Coalition rejects Distribution Center move to Navy Yard

Gov. Rendell wants to relocate the Food Distribution Center into the Navy Yard to save more than a thousand jobs, but a coalition of longshoremen and maritime businesses contend the move would strangle the port and cost thousands of port jobs in the future.

After hearing their passionate plea to rethink the plan in a special meeting yesterday, the chairman of the Philadelphia Regional Port Authority said the deal to move the food center from Packer Avenue near 3rd Street to the Navy Yard is not done.

Chairman Brian Preski said he plans to sit down with the coalition and try to work out a compromise. But the Port Authority confronts a Rubik's cube of tough choices involving competing interests.

For example, the coalition suggested that the Food Distribution Center could relocate to the Pier 98 annex, just north of the Walt Whitman Bridge and west of Columbus Boulevard.

But Preski said the authority is in discussion with Sysco Food Services, which is being lured by New Jersey, to stay in Philadelphia and move to the 50-acre annex tract and roughly double its workforce.

Rendell's plan is to move the Food Distribution Center to a tract on the eastern end of the Navy Yard, a move that would also take a small piece of Port Authority land that is part of its future "southport" development.

Aside from the loss of port land, the coalition noted that Rendell's location for the food center would require an elevated roadway across the railyard where three railroads now converge.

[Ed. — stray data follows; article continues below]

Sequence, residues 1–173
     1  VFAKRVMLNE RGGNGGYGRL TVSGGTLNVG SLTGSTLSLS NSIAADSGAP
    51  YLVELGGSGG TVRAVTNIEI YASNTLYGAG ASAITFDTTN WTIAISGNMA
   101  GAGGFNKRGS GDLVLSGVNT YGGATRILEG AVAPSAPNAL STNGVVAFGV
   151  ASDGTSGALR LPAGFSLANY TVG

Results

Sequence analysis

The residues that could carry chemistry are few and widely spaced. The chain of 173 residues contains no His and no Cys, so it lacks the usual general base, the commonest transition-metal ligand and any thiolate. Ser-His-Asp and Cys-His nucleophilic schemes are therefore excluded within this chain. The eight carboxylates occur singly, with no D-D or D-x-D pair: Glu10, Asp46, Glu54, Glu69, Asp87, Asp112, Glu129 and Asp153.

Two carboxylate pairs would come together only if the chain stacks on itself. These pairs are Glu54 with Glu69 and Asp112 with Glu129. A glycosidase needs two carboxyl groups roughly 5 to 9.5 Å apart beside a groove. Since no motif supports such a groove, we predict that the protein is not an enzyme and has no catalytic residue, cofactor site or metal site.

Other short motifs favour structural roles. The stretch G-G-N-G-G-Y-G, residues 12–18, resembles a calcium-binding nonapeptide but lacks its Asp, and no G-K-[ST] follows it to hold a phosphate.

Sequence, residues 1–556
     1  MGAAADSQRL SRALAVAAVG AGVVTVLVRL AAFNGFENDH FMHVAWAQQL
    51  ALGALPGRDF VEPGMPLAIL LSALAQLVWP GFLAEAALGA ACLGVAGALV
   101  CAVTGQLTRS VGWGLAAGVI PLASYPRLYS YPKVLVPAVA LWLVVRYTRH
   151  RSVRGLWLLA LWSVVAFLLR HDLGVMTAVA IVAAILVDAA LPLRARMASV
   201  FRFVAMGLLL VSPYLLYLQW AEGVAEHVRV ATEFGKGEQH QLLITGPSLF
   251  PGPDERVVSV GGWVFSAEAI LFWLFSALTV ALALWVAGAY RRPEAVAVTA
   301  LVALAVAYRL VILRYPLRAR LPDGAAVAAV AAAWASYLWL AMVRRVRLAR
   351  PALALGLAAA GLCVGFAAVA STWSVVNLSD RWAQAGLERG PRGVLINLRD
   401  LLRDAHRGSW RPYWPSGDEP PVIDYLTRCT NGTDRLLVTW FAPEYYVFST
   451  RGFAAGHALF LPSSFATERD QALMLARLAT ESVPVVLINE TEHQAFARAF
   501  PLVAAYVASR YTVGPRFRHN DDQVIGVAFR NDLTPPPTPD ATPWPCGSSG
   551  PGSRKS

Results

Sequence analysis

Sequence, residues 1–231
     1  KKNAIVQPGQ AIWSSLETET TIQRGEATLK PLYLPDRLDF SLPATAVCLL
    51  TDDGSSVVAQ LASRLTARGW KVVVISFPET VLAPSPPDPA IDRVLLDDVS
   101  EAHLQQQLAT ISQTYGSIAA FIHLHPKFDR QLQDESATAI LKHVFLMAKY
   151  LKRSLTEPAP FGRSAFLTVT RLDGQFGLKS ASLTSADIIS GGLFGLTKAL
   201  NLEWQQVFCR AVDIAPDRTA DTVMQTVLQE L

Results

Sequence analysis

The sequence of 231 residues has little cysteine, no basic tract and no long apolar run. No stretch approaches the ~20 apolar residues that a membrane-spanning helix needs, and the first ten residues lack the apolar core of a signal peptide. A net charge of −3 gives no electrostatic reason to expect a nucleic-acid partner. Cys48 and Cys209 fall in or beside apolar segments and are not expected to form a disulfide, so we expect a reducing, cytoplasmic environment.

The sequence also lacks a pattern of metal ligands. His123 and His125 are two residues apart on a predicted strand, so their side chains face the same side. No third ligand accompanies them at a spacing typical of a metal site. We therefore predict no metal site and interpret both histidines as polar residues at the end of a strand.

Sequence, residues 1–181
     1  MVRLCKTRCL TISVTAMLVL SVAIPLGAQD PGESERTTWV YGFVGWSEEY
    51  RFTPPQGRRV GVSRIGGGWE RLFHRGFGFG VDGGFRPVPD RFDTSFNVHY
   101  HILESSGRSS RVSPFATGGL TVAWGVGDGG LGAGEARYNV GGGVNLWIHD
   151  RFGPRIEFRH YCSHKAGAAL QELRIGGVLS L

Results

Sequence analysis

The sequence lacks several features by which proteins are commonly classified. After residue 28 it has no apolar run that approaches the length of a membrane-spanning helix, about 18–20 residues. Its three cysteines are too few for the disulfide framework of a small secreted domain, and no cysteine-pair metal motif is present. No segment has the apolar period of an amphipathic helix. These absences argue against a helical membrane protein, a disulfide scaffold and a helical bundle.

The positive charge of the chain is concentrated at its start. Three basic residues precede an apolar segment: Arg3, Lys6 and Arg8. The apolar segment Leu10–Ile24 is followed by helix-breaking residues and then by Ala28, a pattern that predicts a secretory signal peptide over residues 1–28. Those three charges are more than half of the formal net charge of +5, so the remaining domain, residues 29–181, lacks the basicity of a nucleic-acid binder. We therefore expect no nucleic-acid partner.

Aside from security worries about an elevated road, the coalition argued that the road would separate the southport area from the railyard and strangle future port growth.

Preski said the controversial road could be redirected through the nearby Mustin Field away from the rail link and out to Interstate 95. But he noted that the city is aiming to attract biotech companies in that area and that heavy truck traffic from the food center could be a problem.

Meanwhile, Preski said that as soon as he gains Rendell's approval, he will ask the Port Authority board to agree to a bond issue of between $330 million and $400 million, including $246 million for direct waterfront investments such as the rehabilitation of five piers, new gantry cranes, warehouses and a bulk terminal on the Schuylkill River.

In that bond issue will be about $100 million for the relocation of the Food Distribution Center and related improvements. *